I think we all love Samuel L. Jackson, and I always had a soft spot for Ryan Reynolds, even before Deadpool. So it seems quite natural that putting these two together results in a decent film with decent box office. Leave it to a month like this, though, that it can also be remembered for being #1 at the box office for three weekends in a row, and probably 21 days in a row. With a slim $30 million dollar budget, this continues an August trend in that there were no outright bombs, mostly because the budgets were all so low. In fact, most movies this August will probably turn a profit. The buddy genre is alive and well, and it is always good to see well-loved actors team up.
6) Girls Trip
Monthly Total: $42.1 million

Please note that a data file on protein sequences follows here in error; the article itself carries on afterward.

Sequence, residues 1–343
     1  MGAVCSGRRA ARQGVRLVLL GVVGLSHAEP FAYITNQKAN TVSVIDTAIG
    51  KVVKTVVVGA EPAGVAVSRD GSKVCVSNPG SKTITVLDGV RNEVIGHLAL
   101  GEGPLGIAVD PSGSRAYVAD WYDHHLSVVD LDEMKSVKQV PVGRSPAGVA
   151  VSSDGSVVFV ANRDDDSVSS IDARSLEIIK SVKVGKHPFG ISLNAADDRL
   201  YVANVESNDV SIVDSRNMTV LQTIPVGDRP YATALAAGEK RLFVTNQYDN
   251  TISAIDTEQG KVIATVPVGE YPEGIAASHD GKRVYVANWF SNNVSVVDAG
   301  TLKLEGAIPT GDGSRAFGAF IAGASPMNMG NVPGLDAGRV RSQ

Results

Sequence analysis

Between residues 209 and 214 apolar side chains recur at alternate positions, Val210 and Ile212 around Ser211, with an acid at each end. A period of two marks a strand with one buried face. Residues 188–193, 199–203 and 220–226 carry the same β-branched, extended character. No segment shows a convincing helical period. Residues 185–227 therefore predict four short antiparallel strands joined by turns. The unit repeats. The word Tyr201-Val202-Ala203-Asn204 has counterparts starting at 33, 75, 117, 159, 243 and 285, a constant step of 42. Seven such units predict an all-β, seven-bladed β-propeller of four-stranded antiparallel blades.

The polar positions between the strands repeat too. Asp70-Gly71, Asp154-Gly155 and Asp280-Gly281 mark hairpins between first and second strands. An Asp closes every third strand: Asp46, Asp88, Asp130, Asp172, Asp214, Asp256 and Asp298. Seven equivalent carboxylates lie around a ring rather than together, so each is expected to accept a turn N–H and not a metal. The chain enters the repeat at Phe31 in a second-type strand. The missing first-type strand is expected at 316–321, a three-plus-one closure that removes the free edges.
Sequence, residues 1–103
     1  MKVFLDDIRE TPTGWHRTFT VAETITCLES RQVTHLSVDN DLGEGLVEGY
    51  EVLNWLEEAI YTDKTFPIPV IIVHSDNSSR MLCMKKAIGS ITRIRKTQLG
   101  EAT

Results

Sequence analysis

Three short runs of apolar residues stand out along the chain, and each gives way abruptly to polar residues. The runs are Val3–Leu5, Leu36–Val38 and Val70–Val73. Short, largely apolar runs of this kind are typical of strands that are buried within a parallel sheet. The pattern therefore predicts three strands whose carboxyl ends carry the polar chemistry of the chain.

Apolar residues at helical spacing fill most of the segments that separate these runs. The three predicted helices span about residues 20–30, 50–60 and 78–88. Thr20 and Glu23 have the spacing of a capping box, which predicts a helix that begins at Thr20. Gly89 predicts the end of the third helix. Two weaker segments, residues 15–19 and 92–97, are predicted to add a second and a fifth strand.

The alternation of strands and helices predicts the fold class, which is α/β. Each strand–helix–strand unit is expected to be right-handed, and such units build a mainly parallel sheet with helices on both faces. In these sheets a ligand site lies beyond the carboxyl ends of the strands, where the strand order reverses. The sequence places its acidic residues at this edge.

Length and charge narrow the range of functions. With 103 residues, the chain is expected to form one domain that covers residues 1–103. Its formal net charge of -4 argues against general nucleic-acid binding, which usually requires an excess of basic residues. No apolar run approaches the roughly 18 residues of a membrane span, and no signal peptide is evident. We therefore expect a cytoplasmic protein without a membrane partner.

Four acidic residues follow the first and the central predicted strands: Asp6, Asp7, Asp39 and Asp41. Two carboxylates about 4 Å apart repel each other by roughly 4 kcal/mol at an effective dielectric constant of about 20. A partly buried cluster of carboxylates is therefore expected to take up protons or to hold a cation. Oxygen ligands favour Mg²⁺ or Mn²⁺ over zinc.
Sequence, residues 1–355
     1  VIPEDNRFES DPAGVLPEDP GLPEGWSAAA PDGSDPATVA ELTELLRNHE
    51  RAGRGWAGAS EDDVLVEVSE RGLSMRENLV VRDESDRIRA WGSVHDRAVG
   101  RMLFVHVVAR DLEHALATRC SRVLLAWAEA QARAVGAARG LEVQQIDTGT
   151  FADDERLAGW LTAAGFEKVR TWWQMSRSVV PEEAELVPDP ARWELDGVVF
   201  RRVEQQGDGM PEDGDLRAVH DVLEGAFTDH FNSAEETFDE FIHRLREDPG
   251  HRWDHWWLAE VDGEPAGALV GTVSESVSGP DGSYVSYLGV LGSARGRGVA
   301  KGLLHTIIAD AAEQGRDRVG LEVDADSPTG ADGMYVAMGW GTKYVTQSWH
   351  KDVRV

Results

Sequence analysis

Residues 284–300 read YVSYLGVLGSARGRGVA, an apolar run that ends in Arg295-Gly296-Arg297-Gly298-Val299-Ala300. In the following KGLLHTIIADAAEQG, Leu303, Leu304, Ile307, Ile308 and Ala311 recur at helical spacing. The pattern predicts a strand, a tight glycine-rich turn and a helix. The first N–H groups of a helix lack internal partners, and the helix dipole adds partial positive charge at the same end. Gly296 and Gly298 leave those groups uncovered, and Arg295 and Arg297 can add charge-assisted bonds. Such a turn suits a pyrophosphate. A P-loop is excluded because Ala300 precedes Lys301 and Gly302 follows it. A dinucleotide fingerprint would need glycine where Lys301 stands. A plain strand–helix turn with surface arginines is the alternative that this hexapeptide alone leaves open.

The outlier success among R-rated comedies this summer is Universal’s Girl’s Trip, the raunchy complement to other summer classics like Bridesmaids and The Hangover. Girl’s Trip opened with Dunkirk back in July, and counter-programmed beautifully, hauling over $110 million domestic so far. A rumored sequel is in the works, and movies like this and Hidden Figures show how lucrative high quality films can be for African-American audiences. This is also another feather in Universal’s cap for the year, and is by far director Malcolm D. Lee’s biggest movie after The Best Man Holiday.
7) Spider-man: Homecoming
Monthly Total: $40.4 million
Another big summer success story is the seventh highest earner for the month, as the web slinger has finally come back into the public’s good graces by teaming up with none other than Iron Man and friends. Homecoming’s box office may not be blowing records up like previous entries, but it steadies the ship, earning a powerful $325 million domestic and more than that abroad. The endless grasp of the MCU continues to broaden, and Disney and Sony can both claim some sort of win (will a Spider-Man ride show up at Disney World now instead of residing at Universal?).
8) Atomic Blonde
Monthly Total: $29.4 million